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Empire of the Sun

Jul 16, 2010


I’m finally cleaning out and catching up with my Netflix queue, working on a relationship I’ve neglected for far, far too long. As a foreign and political film junkie, I may be one of the few people my age who has only just watched Empire of the Sun , the 1987 Spielberg film initially set in 1940s Shanghai, where a group of privileged and protected Westerners have built their lives in China since the British first arrived in the early 19th Century.

Based on J. G. Ballard's autobiographical novel, the film follows a British boy, Jim “Jamie” Graham, who, after being separated from his parents, is captured by the Japanese and taken to the Soo Chow confinement camp. Stripped of every comfort and surrounded by sickness, disease, and death, Jim attempts to rebuild his former life, while bringing hope and dignity to those around him. The film is ultimately about survival, the enduring strength of the human spirit, and the idea that even in times of war, we all have more things in common than the ones which separate us.

I was profoundly and deeply moved by this film. In part, I was drawn in by Spielberg’s visual imagery and layering. At every turn I felt as though I were there, witnessing history unfold. The underlying themes and cross-cultural nuances throughout, though, are what truly left an indelible impression.

From the very beginning, I was struck by the excellent manners young Jim possessed. He was composed, observant, sensitive to others needs, incredibly self aware, and treated everyone with dignity and respect. Let me repeat that – he treated everyone with dignity and respect. His most outward displays of sensitivity, deference and respect are shown in several poignant scenes with his Japanese captors. He takes several tense, potentially violent moments and diffuses them with the flair of a seasoned diplomat when he smiles broadly and genuinely, speaks in Japanese, and bows to the ground. He stays bowing until the Japanese give him instruction to rise. At another particularly moving point, while observing the Kamikaze rituals, he salutes and begins singing with the pilots.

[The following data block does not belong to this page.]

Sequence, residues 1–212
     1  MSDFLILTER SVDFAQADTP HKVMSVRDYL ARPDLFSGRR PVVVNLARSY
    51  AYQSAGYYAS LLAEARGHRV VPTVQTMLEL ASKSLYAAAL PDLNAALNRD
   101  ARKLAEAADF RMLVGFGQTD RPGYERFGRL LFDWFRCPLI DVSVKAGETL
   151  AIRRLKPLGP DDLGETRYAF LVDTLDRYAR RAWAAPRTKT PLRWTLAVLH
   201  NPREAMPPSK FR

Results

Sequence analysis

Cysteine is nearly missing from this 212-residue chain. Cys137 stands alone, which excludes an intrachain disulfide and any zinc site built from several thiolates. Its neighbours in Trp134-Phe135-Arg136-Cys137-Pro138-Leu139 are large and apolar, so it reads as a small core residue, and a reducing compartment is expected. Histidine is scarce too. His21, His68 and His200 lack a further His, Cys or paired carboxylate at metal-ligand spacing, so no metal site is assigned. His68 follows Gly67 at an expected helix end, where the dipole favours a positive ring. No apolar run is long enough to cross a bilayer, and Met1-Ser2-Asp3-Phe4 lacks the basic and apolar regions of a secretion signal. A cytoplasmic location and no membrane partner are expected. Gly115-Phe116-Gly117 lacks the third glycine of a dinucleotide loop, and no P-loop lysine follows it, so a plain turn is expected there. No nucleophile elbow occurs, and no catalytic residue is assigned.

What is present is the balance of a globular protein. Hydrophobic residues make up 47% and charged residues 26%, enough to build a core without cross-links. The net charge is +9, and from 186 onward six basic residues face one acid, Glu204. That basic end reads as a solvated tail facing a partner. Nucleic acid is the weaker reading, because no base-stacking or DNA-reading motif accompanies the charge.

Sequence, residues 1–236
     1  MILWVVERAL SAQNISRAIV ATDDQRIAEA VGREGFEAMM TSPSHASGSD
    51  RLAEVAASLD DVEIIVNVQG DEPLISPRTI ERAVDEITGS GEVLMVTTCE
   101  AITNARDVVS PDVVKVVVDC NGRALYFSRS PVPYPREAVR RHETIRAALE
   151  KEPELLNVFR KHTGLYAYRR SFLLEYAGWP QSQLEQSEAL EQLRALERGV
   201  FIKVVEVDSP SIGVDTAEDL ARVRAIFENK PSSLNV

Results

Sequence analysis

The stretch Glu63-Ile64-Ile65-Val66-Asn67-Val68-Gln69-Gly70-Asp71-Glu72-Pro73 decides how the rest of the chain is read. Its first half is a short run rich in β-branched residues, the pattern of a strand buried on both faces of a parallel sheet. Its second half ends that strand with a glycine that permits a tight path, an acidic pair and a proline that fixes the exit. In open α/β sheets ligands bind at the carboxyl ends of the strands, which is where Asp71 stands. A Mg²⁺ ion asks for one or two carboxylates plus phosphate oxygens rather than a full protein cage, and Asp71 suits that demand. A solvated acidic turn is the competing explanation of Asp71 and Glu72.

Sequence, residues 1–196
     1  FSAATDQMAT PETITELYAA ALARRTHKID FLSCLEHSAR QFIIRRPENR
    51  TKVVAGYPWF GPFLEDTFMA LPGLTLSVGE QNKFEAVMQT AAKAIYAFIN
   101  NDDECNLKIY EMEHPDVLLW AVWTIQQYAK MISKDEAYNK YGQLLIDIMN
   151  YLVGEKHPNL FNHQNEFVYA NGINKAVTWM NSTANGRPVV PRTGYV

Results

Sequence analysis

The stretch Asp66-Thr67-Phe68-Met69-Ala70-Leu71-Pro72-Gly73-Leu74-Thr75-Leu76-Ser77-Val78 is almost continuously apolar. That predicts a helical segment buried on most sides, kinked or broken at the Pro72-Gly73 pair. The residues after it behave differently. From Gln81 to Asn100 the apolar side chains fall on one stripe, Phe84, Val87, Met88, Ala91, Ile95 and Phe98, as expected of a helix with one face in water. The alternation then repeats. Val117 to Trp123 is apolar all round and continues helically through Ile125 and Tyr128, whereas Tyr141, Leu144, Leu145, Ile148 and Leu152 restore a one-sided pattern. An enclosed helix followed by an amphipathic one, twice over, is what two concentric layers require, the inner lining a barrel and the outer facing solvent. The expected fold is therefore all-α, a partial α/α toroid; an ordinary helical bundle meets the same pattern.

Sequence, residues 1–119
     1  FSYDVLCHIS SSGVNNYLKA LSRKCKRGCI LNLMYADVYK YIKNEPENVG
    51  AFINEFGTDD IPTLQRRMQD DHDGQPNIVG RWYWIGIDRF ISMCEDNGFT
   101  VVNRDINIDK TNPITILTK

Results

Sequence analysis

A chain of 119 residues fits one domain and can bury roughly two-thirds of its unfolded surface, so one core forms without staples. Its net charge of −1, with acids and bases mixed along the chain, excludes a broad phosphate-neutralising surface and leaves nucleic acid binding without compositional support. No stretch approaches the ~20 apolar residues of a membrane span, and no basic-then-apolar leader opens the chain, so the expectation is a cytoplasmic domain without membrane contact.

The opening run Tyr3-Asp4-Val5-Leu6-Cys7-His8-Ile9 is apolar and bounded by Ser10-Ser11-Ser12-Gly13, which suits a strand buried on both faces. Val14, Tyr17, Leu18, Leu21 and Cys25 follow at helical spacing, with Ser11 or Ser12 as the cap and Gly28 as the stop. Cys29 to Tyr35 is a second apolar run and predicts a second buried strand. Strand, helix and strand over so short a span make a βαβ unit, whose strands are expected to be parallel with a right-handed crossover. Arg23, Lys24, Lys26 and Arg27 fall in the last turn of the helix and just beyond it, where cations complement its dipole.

The timing of watching Empire of the Sun is rather appropriate, as I am due to deliver remarks at the International Protocol Officers Annual Education Conference in Long Beach, CA at the end of this month. It is always an intimidating thing to be surrounded by an audience of protocol and etiquette professionals, especially for a native Texan. But I never miss a chance to be with them, as I love the energy of this group and their almost evangelical approach to their craft. I wish more were aware of the power of protocol and etiquette – traditional vestiges of diplomacy, and an area many consider to be within the soft power realm. I touched on this in my prior post, ' The Five Tool Corporate Diplomat', but I feel compelled to underscore the importance of protocol and etiquette as essential global skills, which are absolutely critical to building trust and operating effective cross-culturally.

Which brings me back to young Jim in the film. Jim was born into a privileged, global elite, which was well versed and schooled in the ways of the world and how to operate within the echelons of power. Many will look at that film and even at modern practitioners of diplomacy, etiquette and protocol, and say that understanding such cross-cultural nuance and learning how to deftly navigate oneself in a global environment is passé in a world where technology, access and speed are pre-eminent.

If one delves deeper, though, in any environment – whether government, corporate, or societal – where power and influence are concentrated, successful relationships develop slowly over time and are carefully crafted by how one positions and maneuvers within such structures. Access is granted and influence developed by those who are able to operate effectively, with sensitivity, respect, and acute awareness of those around them. This is where etiquette and protocol, or in plain English, good old fashioned manners, make all the difference. Why then are so few young people, especially Americans, educated systematically in the art and craft of protocol and etiquette? In a globalized world where we are all increasingly competing with the world for jobs, positioning and influence, these skills should be part of every child’s basic education.

“Amatus sum, amatus es, amatus est”

Towards the end of the film we hear Jim reciting the Latin phrase “Amatus sum, amatus es, amatus est." Translated, it means: I am loved, you are loved, he/she is loved. The phrase (and more broadly, the film) speaks to the universality of the human condition and how each of us possesses the capacity to bring grace, humility, courage, and hope to those we engage with every day. It’s a lesson we should all embrace.

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